But always the spotlight returns to Zhivago, and in its white glare he epitomizes man’s quenchless thirst for sanity and survival in a time of madness and death. We follow him through his marriage to Tonia, a girl of his class, the birth of his child, his hospital experiences, and then his grueling service at the front as a doctor. Like so many members of the intelligentsia, he welcomes the revolution when it comes, because he believes that Russia desperately needs to be purged of the accumulated dross of centuries of oppression and misrule. And in the bitter days of starvation in Moscow in the first year of the revolution, Zhivago learns that a life similar to the life of the people is a true life, that solitary happiness is not true happiness.

Pasternak portrays the vast panorama of events and people over these years not so much as an accomplished novelist would do it, but as an objective historian would chronicle events that he has lived through and recollected in tranquillity. With some notable exceptions, there is no patient lingering over details and rounding out of characters, no effort to compel the reader to identify himself with the immediacy of life lived and not merely described. Perhaps this is the fault of a poet who has not mastered the novelist’s special art in his first full-length work of fiction.

Pasternak’s particular approach to his material, however, may be intentional. The picture he provides of these years is a truthful one, but he gives the impression of looking back from some remote vantage point in order to extract from these fateful events the grim lesson of the spiritual agony of those who endured them. It is man against history that enthralls him, man’s infinite capacity to oppose the malevolence of events and triumph over them. The epilogue suggests that the hope of the Russian people, in the future as in the past, is bound up with this opposition; and the character of Zhivago is a superb symbol of this spiritual struggle against the evil forces of history.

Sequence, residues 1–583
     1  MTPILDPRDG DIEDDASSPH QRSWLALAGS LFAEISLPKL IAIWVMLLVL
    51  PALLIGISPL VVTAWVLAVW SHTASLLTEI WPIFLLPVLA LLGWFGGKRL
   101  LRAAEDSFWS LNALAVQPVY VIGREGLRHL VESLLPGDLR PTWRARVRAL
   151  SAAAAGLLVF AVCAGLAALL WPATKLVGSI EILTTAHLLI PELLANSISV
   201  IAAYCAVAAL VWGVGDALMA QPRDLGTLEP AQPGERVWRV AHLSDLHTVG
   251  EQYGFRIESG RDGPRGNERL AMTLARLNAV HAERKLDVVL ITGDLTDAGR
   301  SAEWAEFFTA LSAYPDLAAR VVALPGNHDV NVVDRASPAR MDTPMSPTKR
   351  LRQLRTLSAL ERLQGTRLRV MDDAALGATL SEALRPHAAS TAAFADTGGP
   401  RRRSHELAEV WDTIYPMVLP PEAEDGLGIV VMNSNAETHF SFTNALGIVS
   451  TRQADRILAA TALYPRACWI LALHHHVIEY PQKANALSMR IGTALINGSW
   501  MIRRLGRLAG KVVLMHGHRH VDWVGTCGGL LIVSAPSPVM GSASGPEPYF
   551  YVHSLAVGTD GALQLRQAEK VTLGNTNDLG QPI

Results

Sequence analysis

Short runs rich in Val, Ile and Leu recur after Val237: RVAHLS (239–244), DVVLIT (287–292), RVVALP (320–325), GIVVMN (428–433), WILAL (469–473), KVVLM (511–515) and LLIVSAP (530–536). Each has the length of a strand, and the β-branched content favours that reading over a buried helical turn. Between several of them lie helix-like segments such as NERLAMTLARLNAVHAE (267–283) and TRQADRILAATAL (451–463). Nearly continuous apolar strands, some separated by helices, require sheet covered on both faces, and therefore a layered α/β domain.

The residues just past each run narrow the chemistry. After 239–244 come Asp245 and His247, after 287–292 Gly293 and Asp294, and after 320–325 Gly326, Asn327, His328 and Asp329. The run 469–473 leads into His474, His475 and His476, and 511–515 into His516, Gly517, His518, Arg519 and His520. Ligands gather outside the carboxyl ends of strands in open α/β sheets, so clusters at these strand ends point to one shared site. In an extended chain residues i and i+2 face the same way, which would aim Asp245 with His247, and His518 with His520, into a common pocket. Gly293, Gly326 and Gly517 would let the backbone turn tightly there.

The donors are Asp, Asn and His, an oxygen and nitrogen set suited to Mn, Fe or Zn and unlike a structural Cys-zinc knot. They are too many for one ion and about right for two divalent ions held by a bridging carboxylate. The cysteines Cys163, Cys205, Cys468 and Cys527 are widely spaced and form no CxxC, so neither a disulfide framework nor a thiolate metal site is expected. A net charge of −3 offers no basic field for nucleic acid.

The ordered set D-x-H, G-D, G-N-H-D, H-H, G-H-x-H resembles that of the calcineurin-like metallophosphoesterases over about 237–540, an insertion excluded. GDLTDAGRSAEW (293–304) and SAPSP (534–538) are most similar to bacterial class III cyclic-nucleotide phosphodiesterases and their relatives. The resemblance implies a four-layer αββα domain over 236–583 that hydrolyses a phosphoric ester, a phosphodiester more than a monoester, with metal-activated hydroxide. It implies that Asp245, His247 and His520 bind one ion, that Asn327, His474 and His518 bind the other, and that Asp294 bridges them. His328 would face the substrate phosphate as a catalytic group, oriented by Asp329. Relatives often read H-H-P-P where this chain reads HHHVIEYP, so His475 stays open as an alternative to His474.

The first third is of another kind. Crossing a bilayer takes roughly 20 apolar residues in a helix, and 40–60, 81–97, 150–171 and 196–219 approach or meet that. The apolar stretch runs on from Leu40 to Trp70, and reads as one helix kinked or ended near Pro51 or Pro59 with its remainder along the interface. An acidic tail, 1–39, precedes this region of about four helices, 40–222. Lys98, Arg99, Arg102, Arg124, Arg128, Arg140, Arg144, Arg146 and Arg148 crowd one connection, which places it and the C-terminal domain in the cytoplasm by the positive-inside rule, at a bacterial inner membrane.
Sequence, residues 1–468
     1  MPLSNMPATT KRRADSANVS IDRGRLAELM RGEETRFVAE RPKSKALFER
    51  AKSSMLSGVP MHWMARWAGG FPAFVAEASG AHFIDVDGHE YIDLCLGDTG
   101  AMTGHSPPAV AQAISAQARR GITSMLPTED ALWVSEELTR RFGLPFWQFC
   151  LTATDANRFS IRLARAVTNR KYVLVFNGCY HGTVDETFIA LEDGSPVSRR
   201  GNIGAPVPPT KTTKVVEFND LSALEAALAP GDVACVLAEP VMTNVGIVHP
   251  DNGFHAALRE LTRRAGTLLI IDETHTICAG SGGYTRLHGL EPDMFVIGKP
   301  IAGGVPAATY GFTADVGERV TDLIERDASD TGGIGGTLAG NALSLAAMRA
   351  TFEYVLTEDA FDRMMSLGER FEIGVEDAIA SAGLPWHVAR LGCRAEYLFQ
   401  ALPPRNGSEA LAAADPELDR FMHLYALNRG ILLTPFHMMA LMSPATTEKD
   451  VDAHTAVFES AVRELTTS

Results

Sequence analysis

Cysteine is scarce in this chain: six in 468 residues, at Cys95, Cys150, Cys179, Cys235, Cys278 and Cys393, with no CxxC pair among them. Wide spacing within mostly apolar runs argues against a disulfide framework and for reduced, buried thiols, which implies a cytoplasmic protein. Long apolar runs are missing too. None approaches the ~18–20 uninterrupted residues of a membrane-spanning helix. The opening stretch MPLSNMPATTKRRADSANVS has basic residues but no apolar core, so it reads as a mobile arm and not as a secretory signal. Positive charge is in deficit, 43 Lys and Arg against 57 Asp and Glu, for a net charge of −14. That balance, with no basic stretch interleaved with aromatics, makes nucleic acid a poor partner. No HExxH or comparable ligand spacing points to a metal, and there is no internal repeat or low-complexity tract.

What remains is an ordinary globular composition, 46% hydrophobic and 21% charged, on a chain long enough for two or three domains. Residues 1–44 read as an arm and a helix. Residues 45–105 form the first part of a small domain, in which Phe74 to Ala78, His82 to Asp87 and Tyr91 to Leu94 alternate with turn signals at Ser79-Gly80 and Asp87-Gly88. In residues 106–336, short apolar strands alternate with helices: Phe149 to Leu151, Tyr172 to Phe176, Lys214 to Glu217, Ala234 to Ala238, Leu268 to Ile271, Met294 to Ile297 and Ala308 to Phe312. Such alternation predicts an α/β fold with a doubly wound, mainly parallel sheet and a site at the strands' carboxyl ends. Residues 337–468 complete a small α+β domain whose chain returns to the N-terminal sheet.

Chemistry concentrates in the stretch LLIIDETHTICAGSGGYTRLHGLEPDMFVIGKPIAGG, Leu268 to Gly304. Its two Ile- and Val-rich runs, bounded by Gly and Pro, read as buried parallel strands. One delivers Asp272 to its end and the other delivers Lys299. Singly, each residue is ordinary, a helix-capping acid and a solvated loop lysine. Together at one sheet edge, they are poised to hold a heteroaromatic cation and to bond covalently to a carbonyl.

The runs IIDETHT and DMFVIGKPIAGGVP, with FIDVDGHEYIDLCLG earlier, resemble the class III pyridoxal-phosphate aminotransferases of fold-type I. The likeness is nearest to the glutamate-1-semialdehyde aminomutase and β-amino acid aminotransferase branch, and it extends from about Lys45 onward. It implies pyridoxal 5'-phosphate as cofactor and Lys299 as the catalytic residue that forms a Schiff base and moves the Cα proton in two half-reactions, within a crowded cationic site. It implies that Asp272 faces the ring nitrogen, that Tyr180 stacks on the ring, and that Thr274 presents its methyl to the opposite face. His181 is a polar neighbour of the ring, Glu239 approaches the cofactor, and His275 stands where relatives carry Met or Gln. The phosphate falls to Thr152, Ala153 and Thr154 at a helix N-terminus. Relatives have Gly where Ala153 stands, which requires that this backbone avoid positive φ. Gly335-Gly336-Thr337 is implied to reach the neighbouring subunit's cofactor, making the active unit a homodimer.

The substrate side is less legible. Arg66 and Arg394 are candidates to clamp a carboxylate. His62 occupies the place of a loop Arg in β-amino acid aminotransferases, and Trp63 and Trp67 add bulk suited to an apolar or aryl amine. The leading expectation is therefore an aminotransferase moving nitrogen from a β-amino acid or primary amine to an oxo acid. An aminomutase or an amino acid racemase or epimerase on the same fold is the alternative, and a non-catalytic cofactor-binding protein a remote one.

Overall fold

It is not the incredible cruelty and suffering of the civil war, which Zhivago experiences when compelled to serve as a physician in a Red partisan band in the Urals, that undermines his faith in the revolution, but the preposterous claims of its leaders that only they possess the secret of earthly happiness and are determined to whip everybody into it. Turning on one of his Bolshevik friends who praises Marxism as a science, Zhivago declares:

Marxism is too uncertain of its ground to be a science. Sciences are more balanced, more objective. I don’t know a movement more self-centered and further removed from the facts than Marxism. Everyone is worried only about proving himself in practical matters, and as for the men in power, they are so anxious to establish the myth of their infallibility, that they do their utmost to ignore the truth.

In many such frank passages toward the middle and end of the novel, Zhivago reveals his growing belief that these “bringers of a new life” really deny life and repudiate the human personality. Zhivago loves life in all its aspects. This love wells up in him when he contemplates the terrible beauty of the world. A deep religious, almost mystical, feeling comes over him in the presence of the majesty of nature. He yearns to savor life, not to solve it. The relentless probing of Dostoevsky and Tolstoy into the ultimate purpose of mankind leaves him unmoved; lie prefers the modest reticence of Pushkin and Chekhov, who thought it presumptuous to deal with such high-sounding matters.

It is this capacity to give himself to life, to attune himself to its rhythm, that draws Zhivago into his poignant and beautifully narrated love affair with Larisa. However, as a character in one of the stereotyped Soviet novels put it, “The age of socialism is not well suited to adultery,” nor can Zhivago stomach the intellectual antipasto of the Marxian theoreticians who surround his Ural retreat. Eventually, revolutionary terrorism forces a separation of the lovers. After weeks of suffering and privations during the long journey, Zhivago finally arrives in Moscow at the beginning of “the most ambiguous and hypocritical of all Soviet periods,” that of the New Economic Policy.